text/xml application/xml application/xml+rss text/javascript;

    server_name demo1.domain.com;

    location / {
        proxy_pass http://demo.localhost;
        include /etc/nginx/proxy_params;
    }
}

Reverse proxy can be executed in many ways, we can make custom service, we can use Nginx as above, but it would be really nice if for such smaller projects there could be easy configurable tool, with dynamic discovery of new subdomains, loadbalancing etc. In NodeJS world PM2 came.

In docker world - once of the recent options is Traefik, written in Go language that promises to help us with that. What is good - project has got big round of investments in 2017 source which might be sign,that project will not be abandoned quick. Anyway you always can return back to nginx at any moment

Setting up traefik as a reverse proxy alternative to nginx on a single host environment

Traefik sets quite ambitious goals: it is positioned as dynamic reverse proxy. It has bridges also to many popular deployment platforms (docker, openshift, mezos, kubernetes, etc.) and synchronizes information about running services (containers). This means, that your project might grow or change infrastructure without major downtime or refactoring.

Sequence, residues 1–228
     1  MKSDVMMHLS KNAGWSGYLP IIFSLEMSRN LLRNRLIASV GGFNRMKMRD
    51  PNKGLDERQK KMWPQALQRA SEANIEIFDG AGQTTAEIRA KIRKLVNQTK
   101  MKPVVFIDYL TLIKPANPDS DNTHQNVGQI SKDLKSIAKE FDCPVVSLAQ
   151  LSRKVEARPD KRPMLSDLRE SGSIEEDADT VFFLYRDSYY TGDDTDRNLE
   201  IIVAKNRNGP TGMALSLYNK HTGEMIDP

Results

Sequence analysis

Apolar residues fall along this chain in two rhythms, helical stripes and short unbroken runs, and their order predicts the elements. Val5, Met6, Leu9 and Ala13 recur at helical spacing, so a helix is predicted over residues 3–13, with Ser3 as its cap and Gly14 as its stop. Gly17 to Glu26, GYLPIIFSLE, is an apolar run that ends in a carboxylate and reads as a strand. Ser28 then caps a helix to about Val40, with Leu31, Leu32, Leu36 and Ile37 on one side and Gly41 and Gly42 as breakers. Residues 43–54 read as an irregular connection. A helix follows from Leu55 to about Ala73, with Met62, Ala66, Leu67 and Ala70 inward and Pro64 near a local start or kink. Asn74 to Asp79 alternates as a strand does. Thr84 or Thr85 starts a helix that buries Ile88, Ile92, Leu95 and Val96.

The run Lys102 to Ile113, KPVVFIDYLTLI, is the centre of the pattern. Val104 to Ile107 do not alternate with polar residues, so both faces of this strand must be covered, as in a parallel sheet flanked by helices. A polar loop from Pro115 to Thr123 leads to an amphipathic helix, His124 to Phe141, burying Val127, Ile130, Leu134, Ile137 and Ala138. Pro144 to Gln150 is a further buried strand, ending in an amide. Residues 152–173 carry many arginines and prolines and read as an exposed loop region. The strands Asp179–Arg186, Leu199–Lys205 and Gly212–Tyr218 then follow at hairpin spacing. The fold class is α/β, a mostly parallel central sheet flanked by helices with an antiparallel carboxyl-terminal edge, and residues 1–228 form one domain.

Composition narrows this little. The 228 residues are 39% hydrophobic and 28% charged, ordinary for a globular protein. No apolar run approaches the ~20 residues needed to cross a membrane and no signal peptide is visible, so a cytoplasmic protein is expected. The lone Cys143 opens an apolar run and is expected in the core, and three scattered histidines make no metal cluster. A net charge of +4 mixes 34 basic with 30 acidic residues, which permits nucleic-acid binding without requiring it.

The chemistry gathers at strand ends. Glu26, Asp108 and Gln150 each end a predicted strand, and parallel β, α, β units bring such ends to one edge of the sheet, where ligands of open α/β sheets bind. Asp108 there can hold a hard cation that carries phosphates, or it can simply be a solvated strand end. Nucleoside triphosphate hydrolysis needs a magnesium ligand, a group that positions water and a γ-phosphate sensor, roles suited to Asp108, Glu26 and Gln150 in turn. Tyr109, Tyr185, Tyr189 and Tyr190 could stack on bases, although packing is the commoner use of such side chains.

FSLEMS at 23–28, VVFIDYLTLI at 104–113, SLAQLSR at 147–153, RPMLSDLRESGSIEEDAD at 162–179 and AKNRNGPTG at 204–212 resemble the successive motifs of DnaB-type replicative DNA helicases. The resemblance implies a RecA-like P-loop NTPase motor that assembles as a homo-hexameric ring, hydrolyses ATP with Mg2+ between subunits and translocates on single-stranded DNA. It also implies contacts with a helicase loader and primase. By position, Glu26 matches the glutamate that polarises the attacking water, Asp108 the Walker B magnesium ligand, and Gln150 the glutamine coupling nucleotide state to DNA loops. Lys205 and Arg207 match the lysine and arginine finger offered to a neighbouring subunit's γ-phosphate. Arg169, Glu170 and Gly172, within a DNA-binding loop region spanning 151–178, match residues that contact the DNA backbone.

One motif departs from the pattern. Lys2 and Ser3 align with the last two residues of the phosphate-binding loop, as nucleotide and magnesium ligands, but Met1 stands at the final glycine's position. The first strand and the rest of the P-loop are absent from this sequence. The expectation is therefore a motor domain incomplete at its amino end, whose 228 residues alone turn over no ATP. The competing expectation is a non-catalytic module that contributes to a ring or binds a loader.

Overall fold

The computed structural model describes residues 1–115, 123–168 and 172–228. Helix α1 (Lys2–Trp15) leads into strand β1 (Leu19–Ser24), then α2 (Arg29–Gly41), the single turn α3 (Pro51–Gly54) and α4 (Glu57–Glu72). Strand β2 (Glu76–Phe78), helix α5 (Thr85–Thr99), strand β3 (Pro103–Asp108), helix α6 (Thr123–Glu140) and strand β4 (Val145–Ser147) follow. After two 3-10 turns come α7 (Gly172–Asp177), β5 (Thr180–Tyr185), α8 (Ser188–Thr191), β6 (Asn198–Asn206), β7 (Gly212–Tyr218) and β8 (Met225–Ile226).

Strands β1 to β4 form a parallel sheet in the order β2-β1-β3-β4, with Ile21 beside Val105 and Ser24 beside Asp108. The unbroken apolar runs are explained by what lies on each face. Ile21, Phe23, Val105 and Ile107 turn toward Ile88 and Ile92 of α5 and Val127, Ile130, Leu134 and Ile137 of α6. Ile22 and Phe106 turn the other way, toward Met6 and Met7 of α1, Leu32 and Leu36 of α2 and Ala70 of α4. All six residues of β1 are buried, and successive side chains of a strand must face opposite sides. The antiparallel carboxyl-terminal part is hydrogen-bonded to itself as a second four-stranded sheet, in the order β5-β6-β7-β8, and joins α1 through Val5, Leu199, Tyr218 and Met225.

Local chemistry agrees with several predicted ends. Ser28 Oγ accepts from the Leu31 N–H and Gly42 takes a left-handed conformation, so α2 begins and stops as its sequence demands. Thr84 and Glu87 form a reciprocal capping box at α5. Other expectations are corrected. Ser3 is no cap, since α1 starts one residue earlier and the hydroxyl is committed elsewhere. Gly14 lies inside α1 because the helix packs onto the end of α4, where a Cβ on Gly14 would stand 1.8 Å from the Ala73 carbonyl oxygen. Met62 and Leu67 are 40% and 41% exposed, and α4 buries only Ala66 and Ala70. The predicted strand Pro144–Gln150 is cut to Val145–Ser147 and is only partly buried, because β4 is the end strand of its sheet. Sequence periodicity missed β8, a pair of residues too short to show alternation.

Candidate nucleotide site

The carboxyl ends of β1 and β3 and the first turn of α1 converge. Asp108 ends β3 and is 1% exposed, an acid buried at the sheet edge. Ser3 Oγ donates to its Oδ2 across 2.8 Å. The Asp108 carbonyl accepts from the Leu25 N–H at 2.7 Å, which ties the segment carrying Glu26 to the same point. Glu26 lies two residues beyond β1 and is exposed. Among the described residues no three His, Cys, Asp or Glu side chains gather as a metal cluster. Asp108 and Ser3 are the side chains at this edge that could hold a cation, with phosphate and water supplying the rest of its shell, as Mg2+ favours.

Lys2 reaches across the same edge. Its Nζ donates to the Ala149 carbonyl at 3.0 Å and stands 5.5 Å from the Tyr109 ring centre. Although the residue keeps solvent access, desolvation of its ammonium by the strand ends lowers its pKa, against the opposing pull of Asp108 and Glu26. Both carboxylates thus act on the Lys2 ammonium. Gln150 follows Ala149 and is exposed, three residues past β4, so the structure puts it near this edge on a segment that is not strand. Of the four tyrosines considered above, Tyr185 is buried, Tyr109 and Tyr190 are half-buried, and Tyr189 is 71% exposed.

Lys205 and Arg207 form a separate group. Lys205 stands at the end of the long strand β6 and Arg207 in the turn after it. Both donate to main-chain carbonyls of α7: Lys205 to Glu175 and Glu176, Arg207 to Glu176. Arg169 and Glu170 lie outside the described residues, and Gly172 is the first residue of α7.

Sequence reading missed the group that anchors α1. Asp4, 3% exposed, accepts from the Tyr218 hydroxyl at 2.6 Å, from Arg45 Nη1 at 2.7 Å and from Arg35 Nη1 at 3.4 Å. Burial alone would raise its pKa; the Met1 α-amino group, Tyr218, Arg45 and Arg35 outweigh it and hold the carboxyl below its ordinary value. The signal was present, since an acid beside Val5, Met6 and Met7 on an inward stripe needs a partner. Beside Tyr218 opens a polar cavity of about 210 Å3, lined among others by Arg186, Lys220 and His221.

Traefik is configured by rules that are used to connect “Frontends” with “Backends”. In terms of Traefik — “Frontend” is a public end point at some internet domain like api.myapp.com. On the other hand “Backend” is our deployed web (docker) service. For example,  we can set a rule in Traefik that for Host:api.myapp.com traffic should be routed to our api service container.

Let's prepare our environment to demonstrate. Manual installation steps can be found on https://docs.traefik.io/. We would use Ansible provisioner to get automated approach for our future deployments.

We would need two ansible roles: sa-docker (https://github.com/softasap/sa-docker - docker and docker-compose) and sa-traefik (traefik tool itself)


     - {